My point was, industry is free to speculate and innovate to their heart’s desire, but industry isn’t free to fornicate the people by having them pay for it through government mandates and taxation.

  • avatar

    People forget about the hidden social choices that we make because we think our paths are irreversible. In the last 12 years, we’ve spent $4 trillion on the wars in Iraq and Afghanistan. That $4 trillion would have paid for a lot of “pie in the sky” trans formative projects in the US. It would have been easy with a fraction of that money, over that time, to convert our over-the-road truck fleet to natural gas. Harder projects, like solar roads and massive solar hydrogen generation would have been within our grasp. We would have had money to design and build thorium nuclear reactors in areas without solar, wind and geothermal resources. As the wars wind down we still subsidize the oil, gas and (unbelievably) the coal industries. We subsidize private car ownership through insufficient fuel taxes.

    • 0 avatar

      As the EPA forces more coal-fired power plants to close, we’ll see a lot more coal being exported to third-world nations who will use it to fuel their power plants and further pollute the global atmosphere. If not OUR coal, it will be the coal from someone else that will be used.

      Coal is too valuable a fuel to leave unused. So is oil.

  • avatar
    Big Al from Oz

    I’m not a big supporter of incentivized and subsidisied schemes by the government. If hydrogen requires this even this small level of support then it’s a waste of resources. There are obviously better options out there.

    Or, is this just a token effort to appease some lobbyist group?

    Hydrogen is an expensive and polluting fuel to manufacture, when and if we can produce it economically, it then should be considered.

    There are other instruments that can be used to make the US more efficient in the use of energy.

    The first one is the US (and many other countries) must realize there is a cost with using any form of energy. It will impact something somewhere.

    If Californian’s want a cleaner environment, then increase the tax on fossil fuels. This would encourage the use of smaller vehicles.

    Believe it or not these are readily available and use cheap existing technology.

    • 0 avatar

      BAFO, California already charges at least a dollar more per gallon of gasoline and it hasn’t deterred anyone from driving less or driving some pregnant roller skate, except the people who can least afford the higher fuel costs because they were already poor. And those poor people cannot afford EVs, PEVs, Hybrids or hydrogen-fueled vehicles.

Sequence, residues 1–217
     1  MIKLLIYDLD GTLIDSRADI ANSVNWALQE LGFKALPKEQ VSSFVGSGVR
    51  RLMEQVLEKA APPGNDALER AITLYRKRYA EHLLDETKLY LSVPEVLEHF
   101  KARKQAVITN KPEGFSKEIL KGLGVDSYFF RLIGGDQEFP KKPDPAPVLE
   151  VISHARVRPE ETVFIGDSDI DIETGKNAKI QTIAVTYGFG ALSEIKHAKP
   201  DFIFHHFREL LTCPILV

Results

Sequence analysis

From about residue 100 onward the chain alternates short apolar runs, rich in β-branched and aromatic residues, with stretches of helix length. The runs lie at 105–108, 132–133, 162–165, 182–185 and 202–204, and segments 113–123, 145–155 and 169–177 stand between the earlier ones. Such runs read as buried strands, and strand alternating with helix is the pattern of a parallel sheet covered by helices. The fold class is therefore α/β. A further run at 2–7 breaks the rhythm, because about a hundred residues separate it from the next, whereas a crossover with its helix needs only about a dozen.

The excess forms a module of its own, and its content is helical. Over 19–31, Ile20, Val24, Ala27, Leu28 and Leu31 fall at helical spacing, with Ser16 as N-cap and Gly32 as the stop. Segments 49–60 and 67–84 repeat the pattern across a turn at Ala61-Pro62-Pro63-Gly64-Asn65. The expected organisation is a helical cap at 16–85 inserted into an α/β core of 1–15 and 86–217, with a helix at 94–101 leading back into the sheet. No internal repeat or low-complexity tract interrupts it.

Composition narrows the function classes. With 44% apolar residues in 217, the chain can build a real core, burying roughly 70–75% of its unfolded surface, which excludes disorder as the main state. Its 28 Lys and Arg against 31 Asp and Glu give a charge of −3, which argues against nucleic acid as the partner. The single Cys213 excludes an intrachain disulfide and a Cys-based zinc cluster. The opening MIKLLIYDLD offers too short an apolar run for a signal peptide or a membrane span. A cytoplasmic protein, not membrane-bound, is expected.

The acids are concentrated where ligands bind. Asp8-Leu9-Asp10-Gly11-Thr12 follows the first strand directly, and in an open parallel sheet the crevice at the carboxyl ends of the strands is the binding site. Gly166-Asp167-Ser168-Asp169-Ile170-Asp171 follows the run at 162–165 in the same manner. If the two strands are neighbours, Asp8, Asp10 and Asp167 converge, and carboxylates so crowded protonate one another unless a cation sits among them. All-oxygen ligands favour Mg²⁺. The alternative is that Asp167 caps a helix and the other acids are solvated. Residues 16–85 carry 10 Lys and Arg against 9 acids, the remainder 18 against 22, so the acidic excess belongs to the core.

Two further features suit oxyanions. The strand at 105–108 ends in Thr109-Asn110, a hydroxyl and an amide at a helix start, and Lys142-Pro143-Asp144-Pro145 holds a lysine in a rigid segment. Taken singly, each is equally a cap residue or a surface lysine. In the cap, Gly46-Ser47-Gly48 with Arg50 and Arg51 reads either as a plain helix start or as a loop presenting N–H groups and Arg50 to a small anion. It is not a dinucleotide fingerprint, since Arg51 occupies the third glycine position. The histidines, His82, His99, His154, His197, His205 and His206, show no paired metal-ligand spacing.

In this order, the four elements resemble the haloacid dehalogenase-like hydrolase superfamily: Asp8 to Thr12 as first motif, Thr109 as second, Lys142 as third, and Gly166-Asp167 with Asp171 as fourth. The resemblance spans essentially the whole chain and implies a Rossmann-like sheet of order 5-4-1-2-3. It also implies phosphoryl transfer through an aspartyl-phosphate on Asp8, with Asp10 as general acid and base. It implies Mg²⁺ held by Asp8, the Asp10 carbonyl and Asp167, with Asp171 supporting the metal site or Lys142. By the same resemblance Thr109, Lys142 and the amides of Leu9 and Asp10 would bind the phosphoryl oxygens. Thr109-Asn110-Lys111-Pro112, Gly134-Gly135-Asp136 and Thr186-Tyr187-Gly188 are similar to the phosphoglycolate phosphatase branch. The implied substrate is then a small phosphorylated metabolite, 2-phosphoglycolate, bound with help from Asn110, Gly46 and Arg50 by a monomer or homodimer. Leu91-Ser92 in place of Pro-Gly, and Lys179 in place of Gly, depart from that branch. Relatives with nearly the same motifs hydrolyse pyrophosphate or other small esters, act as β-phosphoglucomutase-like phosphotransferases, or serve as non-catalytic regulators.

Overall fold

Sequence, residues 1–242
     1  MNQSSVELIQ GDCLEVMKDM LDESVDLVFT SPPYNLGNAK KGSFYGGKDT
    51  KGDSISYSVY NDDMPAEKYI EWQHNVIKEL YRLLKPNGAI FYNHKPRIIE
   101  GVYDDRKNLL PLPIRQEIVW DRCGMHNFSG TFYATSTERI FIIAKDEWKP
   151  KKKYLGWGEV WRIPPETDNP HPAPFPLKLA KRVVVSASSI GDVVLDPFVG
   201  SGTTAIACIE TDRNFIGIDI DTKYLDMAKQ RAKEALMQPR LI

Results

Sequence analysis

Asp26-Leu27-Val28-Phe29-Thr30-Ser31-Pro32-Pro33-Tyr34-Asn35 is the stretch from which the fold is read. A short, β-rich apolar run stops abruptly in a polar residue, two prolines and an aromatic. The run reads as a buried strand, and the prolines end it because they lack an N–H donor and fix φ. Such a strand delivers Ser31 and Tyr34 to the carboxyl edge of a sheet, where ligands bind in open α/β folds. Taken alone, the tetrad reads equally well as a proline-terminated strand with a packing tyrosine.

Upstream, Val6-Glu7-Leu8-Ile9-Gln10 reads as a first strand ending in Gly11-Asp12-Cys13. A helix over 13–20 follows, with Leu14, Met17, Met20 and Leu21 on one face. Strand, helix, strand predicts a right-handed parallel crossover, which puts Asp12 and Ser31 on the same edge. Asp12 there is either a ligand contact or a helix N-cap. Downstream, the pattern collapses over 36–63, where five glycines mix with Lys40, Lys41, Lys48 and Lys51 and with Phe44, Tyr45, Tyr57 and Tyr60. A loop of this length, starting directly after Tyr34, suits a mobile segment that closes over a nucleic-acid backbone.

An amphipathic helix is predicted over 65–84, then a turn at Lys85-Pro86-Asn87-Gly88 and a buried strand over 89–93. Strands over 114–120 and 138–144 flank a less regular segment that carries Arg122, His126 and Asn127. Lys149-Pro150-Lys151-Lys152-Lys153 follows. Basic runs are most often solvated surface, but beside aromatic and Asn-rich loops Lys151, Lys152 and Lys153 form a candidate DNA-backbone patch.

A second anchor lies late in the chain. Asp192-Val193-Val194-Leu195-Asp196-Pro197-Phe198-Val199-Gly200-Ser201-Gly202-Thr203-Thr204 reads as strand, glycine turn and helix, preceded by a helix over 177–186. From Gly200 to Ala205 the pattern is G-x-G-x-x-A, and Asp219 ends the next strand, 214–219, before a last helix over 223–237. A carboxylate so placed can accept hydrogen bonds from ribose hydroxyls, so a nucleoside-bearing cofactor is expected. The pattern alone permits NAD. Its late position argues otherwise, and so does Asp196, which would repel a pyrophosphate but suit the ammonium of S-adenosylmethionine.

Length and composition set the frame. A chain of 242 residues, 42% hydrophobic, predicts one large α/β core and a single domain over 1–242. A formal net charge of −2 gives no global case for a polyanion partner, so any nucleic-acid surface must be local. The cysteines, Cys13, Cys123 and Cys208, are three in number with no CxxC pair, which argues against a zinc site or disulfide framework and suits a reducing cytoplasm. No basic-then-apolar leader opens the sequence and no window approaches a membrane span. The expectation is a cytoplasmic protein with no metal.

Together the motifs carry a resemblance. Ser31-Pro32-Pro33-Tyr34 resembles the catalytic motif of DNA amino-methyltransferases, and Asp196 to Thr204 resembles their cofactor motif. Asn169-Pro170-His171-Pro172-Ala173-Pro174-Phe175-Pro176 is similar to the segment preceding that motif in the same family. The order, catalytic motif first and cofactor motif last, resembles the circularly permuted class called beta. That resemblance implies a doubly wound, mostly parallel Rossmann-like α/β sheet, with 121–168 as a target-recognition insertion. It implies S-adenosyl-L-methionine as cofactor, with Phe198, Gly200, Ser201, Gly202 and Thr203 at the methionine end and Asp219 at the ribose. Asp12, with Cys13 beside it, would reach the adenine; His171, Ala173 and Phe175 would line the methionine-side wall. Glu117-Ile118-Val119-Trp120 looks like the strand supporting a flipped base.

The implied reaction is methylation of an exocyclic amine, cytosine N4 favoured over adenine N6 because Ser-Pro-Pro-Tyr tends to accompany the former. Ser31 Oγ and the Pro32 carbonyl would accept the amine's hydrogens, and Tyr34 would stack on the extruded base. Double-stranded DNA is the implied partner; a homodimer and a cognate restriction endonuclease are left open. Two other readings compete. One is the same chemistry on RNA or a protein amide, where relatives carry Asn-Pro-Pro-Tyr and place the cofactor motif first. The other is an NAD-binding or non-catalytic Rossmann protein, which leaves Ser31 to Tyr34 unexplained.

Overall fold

People with money, which is is the vast majority of Americans, continue to buy gasoline, no matter what it costs. So raising the cost of fuel disproportionately hits the people who can least afford it.

  • avatar
    Big Al from Oz

    So? Does California have to have cheaper fuel? Your view of equal fuel prices is a socialist outlook.

    California needs money to exist. This $7 million is better spent fixing a blackspot to reduce accidents. Each road death costs the US and California millions of dollars.

    So what if you drive smaller and more efficient vehicles in California. But you need to remove many of the restrictive controls on the US auto industry and energy industry for this to occur.

    Driving large vehicles isn’t a god given right. Driving a small vehicle, as in Europe isn’t a god given right.

    Cheap energy isn’t a god given right. Just because you want cheap energy doesn’t mean it is a given, even to the point where poor government policy/regulatory controls/socialist subsidies are put into place.

    There are alternatives to the current regime of US controls and regulations to reduce fuel/energy usage in the US. All more efficient.

    I had this debate the other day on PUTC. The US auto/energy industry regulatory controls are designed by unions, corporation and government. Not the people. Your auto industry is an example of socialist controls.

    If you want to drive a vehicle that consumes energy, pay for it. Which makes my beliefs the same as yours. Except you believe that fuel should be cheap and subsidised because that is what you want.

    You appear to believe in socialism when you benefit. My mother is similar and she’s an avid Fox and Friends fan. To her everyone on welfare are the issue, not the fact that the average un/semi-skilled US worker earns peanuts.

    The cost of energy influences what you drive. Look at us in Australia and Canada. We have a similar car culture to the US. But the cost of energy influences what we drive.

    This isn’t subsidised by the taxpayer in Australia. It is influenced by better and more logical regulatory controls.